Standing a 24 hour watch, am I nuts?
As the title suggests, I’m not confident that I should have taken Gizmo on a 24-hour solo jaunt from Norfolk to Atlantic City in what looked like dicey weather conditions. Some readers may think I endangered myself and others, and they may well have a point. Actually, I’d like to get that discussion out of the way here because I plan several other entries where we’ll hopefully discuss all the real world gear testing that went on.
Why solo? I’m not antisocial, but cruising alone does mean oodles of freedom to do as I please, be it spending all day at anchor working on Panbo and boat projects, or riding my ebike to a marine museum and/or seafood joint. Besides, my favorite mate is busy with her own (admirable) passions and prefers short trips followed by long hikes anyway. And some of my oldest, dearest boat buddies, like Joe McCarty, aren’t with us anymore.
Generally, though, my solo boating is day trips in settled conditions, and I try to go slow while avoiding got-to-be-somewhere-soon commitments. However, the open ocean was feeling quite attractive after lots of time in the mid-Atlantic Bays and ICW, plus I’m intrigued with the Delmarva coast, purportedly some of the wildest anywhere. So I studied possible layovers in Great Machipongo, Chincoteague, and Ocean City while what looked like a nice weather window was shaping up.
Now nice weather for Gizmo power passaging is mainly about flat seas, and as I then watched the forecasts deteriorate, I also saw a chance to make some serious miles before seriously hunkering down with ample time to make my one semi-commitment (50th college reunion).
I also knew that the navigation would be quite easy, that I’d cross the hopefully quiet Delaware Bay traffic lanes in the wee hours, and that I had some excellent collision avoidance tools anyway. In fact, the only avoidance required involved the slow-moving container ship YM Evolution, seen tracking nicely above via both Garmin Fantom 24 radar and Vesper AIS.
Actually, I was aware of the ship well before my radars and AIS were, because I was still online out there and thus able to see it tracked on Marine Traffic. The Internet connection was thanks to some excellent cell boosting by the Surecall Fusion2Go I’m testing. And the fact that Gizmo was also being tracked on MT — despite a Class B signal that seemed especially weak in the very wet atmospheric conditions — is due to a terrific new AIS sharing feature just added to the FloatHub monitoring system (that I look forward to detailing along with the Surecall booster).
Incidentally, I do not advocate using Marine Traffic or any cloud-based AIS sites for collision avoidance. But as a secondary source of situational awareness, heck yes, and note by the jog in Gizmo’s track map at top how early I changed course to pass astern of YM Evolution.
Meanwhile, I’ve been accumulating experience (and screenshots) regarding solid-state radar in rain for quite a while now, but the performance is hard to quantify and it’s also hard for this old guy to get underway in the appropriate conditions. So I almost felt lucky when the forecast “chance of thunderstorms” became a procession of intense and fast-moving rain cells, though thankfully light on wind or lightning.
That’s the test Raymarine Axiom 7 above, showing the test Quantum Q24 at work without any Rain filtering. It imaged the cells well, and could even calculate accurate-seeming MARPA info on them. The same was true of the test Garmin Fantom 24, which also applied Doppler relative motion highlighting to let me know when a cell was coming my way. I even dodged some rain by changing Gizmo’s speed one way or the other, though that didn’t really matter at the lower helm.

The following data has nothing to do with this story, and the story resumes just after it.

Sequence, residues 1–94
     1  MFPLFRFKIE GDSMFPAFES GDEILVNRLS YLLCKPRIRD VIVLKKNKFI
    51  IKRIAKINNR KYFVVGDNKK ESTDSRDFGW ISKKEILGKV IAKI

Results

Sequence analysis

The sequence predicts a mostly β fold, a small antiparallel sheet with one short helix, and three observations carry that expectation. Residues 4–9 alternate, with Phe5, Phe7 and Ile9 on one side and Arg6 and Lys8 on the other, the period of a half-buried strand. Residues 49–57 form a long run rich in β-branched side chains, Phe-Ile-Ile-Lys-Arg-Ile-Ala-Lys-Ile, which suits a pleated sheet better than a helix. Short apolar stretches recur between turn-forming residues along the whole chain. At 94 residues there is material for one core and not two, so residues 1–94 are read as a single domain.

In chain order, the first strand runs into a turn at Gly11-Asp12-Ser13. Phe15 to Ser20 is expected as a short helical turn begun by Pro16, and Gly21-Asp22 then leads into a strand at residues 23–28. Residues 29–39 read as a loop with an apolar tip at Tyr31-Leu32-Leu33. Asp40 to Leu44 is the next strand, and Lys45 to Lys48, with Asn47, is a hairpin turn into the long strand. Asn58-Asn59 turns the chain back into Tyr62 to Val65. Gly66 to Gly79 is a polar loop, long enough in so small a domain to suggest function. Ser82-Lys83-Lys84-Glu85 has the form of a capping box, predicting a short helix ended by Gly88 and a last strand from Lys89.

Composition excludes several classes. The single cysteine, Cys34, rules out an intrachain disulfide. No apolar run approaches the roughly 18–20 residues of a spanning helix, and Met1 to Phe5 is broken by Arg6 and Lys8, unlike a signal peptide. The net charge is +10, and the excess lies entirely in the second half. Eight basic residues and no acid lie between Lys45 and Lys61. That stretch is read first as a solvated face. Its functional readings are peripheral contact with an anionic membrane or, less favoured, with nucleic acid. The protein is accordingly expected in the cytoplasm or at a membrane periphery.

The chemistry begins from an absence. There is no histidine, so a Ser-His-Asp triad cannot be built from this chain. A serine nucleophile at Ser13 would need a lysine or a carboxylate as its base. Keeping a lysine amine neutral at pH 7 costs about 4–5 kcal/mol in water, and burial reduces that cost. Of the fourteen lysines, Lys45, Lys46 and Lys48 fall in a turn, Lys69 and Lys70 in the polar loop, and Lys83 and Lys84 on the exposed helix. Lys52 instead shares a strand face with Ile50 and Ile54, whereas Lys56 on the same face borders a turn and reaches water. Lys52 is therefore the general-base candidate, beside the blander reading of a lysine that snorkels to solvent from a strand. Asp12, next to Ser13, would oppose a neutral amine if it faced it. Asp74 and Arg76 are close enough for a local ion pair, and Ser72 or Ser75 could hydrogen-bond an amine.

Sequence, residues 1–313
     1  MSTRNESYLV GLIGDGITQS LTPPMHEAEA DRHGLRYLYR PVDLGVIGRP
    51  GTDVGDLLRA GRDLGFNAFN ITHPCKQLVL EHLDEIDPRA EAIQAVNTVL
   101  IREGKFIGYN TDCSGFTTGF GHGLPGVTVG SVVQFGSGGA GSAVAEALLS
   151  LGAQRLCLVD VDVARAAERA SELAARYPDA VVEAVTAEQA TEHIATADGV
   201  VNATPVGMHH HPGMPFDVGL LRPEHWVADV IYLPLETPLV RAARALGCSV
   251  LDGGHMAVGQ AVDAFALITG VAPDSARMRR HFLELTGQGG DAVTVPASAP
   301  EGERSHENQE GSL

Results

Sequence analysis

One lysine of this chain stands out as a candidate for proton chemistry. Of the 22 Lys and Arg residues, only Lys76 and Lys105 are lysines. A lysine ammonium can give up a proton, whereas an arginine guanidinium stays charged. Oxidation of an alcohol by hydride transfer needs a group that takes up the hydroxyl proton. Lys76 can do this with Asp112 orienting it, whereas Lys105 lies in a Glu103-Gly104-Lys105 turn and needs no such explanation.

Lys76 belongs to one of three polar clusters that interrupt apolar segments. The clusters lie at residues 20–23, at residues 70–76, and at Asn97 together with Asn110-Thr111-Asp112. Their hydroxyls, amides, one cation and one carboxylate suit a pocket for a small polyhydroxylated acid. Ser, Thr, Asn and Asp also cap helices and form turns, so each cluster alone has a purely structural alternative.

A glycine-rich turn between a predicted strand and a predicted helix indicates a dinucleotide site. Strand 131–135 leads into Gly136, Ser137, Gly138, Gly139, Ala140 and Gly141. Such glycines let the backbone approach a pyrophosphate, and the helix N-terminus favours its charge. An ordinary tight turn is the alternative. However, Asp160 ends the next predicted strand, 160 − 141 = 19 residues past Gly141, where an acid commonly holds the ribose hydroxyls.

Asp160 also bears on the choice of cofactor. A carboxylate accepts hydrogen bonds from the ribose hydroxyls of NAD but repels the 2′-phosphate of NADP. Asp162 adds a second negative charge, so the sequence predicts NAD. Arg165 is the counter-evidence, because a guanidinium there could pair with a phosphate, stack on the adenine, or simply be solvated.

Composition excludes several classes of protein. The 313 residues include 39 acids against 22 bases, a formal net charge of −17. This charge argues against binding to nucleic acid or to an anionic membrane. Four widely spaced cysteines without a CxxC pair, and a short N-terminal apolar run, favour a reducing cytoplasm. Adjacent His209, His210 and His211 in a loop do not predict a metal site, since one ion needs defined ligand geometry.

And applying the Rain filter to both solid-state radars could make the rain cell blotches go away, but does that also reduce solid targets, like those AIS targets about 3.5 miles out to port? Therein lies the “hard to quantify” part of this testing. Overall, though, I think solid-state radar works pretty well either way you use it in rain — despite some rumors otherwise — but more to come.
Again thanks to being online, I also had large area NEXRAD cell tracking, as seen above on the Weather Channel’s Storm Radar app, which I’ve become very fond of. It can be set up to show high-resolution precipitation radar history and then switch into a more generalized future radar prediction in that time bar, which you can animate or step thru.
You can also add other overlays, like NOAA warning areas. That blue one I’d already passed through was for thick evening fog, which was true except for the “evening” part. It’s actually hard to determine visibility on a dark night with no solid objects nearby, but closing within a hundred yards of a lit navaid that only looks like a vague pulsing glow tells the tale.
So I was flying by instruments for much of last Wednesday night, but only at about 8 knots — even slower when I was away from the helm — and what a great array of instruments. Plus there’s was lots to keep my mind busy (besides a deep collection of podcasts), and in retrospect I think the biggest danger was succumbing to sleep.
So was that a foolhardy thing to do, or semi-reasonable for an experienced boater now ten years into this particular, and wonderful, boat? I’m truly interested in opinions pro and con, but let’s also remember that when our forebearers did not have internal combustion engines, they spend all sorts of time drifting around offshore or anchored well outside harbors they’d rather have been in. With engines, radar, etc. can A to B boating.